• Activity
  • 15 mins
  • Level 1: Introductory

Coastal habitats

Updated Sunday 17th June 2012

Explore our UK coastal habitats through three distinct habitats: mudflats, Bass Rock and sandy shorelines.

Around our coasts

Coastal waters teem with life and provide great places to observe marine animals and seaweeds. There’s a complex web of connections between different species.

In each of three distinct habitats, explore the links in just one of the many food chains that make up the web of marine life. Food chains are rarely simple and you may find links that you had not expected. You can even work out food chains for yourself.

Next time you visit the coast, be on the lookout for more examples. What are the seagulls feeding on? What is living in the rock pools and where does the food come from? What types of shell are washed up on the sand and can you tell from a shell what has been feeding on the animal that was inside?

Coastal habitats

Click each image to find out more about coastal habitats or to visit iSpot

Birds, flies and seaweed: what's the connection? Creative-Commons Su_ana via Flickr under Creative Commons license What’s special about the habitat that mud provides? Creative-Commons Matt Patterson via Flickr under Creative Commons license How are links in the food chains changing? Creative-Commons Richard Webb via Wikimedia Commons Find the latest coastal observations. Learn more about wildlife, share  your interest with a friendly community and get help identifying what  you have seen. Copyright iSpot
Creative-Commons Background: Michela Mazzoli via Flickr under Creative Commons license
 

For further information, take a look at our frequently asked questions which may give you the support you need.

Have a question?

Other content you may like

What's On 

Secrets of Our Living Planet

Explore the twists and connections of natural life in four different habitats around the United Kingdom.

Activity

What's On 

Thinking Allowed - A crisis of waste

Household refuse is the focus of this week's Thinking Allowed. Find out more then read an exclusive article on the subject from The Open University's Wendy Maples 

Article

Science, Maths & Technology 

Rubber and Vulcanisation

In the Rough Science programme Lost at Sea, the Rough Scientists Ellen and Kathy are given the task of making a life-jacket. They decide to use kapok to fill the jacket but need to make it waterproof so the contents don’t get wet. Zanzibar has a rich variety of plants and on one of her trips inland Ellen spotted some rubber trees – so they know they can get some fresh latex, but the problem is how to make this cover the life-jacket to give a strong but flexible barrier. The answer is Vulcanisation, precipitating out the rubber particles, mixing them with sulphur and heating the treated material over a fire. To find out more about the process of vulcanisation read the following extract from the second level OU course Our Chemical Environment (ST240).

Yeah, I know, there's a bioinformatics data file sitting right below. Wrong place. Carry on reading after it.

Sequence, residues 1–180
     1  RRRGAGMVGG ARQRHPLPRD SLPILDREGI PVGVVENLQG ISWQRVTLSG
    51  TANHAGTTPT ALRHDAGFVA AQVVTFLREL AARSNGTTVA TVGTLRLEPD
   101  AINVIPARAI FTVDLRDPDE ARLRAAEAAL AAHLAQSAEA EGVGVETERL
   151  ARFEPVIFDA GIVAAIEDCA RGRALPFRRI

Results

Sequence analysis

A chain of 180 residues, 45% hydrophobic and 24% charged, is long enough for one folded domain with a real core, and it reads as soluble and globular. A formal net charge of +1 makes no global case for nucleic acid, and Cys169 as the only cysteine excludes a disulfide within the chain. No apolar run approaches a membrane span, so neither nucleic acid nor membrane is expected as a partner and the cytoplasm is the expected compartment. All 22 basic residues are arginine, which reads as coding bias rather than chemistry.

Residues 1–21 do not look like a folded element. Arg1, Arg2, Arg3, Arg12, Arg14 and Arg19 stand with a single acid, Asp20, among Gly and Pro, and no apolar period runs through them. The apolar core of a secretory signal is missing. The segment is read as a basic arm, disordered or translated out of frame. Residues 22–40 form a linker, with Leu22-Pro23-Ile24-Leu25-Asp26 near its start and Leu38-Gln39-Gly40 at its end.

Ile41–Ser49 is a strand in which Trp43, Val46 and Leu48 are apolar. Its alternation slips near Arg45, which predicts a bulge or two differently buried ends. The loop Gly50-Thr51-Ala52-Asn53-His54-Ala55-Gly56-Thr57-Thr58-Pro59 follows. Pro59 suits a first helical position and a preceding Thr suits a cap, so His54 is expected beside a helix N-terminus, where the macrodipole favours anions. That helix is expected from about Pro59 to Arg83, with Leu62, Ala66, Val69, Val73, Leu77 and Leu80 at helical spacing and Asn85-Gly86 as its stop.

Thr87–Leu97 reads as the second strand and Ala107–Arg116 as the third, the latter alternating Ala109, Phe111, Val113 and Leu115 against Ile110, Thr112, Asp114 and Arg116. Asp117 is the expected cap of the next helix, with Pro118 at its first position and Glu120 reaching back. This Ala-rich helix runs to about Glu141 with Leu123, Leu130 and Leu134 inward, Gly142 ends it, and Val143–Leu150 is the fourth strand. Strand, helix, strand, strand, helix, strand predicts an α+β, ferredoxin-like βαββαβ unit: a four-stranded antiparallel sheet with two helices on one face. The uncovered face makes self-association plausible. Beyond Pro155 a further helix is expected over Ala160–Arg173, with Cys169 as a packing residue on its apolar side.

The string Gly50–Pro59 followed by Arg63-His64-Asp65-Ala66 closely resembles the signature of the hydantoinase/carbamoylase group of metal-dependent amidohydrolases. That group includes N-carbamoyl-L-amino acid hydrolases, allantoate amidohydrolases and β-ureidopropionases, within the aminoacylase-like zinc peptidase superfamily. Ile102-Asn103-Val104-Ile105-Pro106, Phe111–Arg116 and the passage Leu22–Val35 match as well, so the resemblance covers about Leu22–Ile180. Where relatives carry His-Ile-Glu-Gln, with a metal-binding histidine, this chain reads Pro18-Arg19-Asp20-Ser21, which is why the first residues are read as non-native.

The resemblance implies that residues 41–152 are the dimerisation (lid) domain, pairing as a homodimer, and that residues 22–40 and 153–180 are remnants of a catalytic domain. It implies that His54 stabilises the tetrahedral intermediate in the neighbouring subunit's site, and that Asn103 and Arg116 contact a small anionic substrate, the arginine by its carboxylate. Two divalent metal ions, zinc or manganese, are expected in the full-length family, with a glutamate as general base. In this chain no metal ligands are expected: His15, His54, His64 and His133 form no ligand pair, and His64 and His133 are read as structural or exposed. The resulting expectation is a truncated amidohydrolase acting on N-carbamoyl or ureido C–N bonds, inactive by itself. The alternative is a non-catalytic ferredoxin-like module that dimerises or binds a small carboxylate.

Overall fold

Article
article icon

Nature & Environment 

Amazonian challenges and policy responses: reference list

References used for the series of articles on the Amazon System.

Article

Nature & Environment 

Overheating Earth staggers into Last Chance Saloon - Climate News Network

Hard bargaining in Bonn this week will probably decide whether the crucial climate talks in Paris in December can save human civilisation from ultimate collapse. Paul Brown from The Climate News Network discusses. 

Article
Environmental management and organisations free course icon Level 2 icon

Nature & Environment 

Environmental management and organisations

It is believed that environmental management requires action at all levels and by organisations of all types and sizes. However it is not always clear what we mean by environmental management and the role that organisations do and could play. This free course, explores the different interpretations and viewpoints involved by using system thinking to provide a framework with which to better understand environmental management and organisations.

Free course
15 hrs

Nature & Environment 

Effects of pollutants on the aquatic environment

Effects of pollutants on the aquatic environment is a free course. It begins with an introduction to water and goes on to briefly outline the major sources of water pollution (these being sewage works, manufacturing and industrial plants, the farming and animal husbandry sectors, landfill sites and urban surface water run-off). It considers the major water pollutants and describes the effects they have on water.

Free course
3 hrs

Nature & Environment 

Microbes – friend or foe?

Microbes often get a bad name. Whilst some of them do cause disease, others play vital roles in recycling nutrients in the soil to enable plants to grow, and in breaking down human waste. Without microbes, we would have no beer, no yoghurt, no coffee. That's quite impressive for something too small to see. This free course, Microbes friend or foe? sheds some light on them.

Free course
10 hrs

Nature & Environment 

Tackling flooding from ground up

With increasing likelihood and frequency of flooding expected in Britain, what can be done to prevent the devastation? 

Article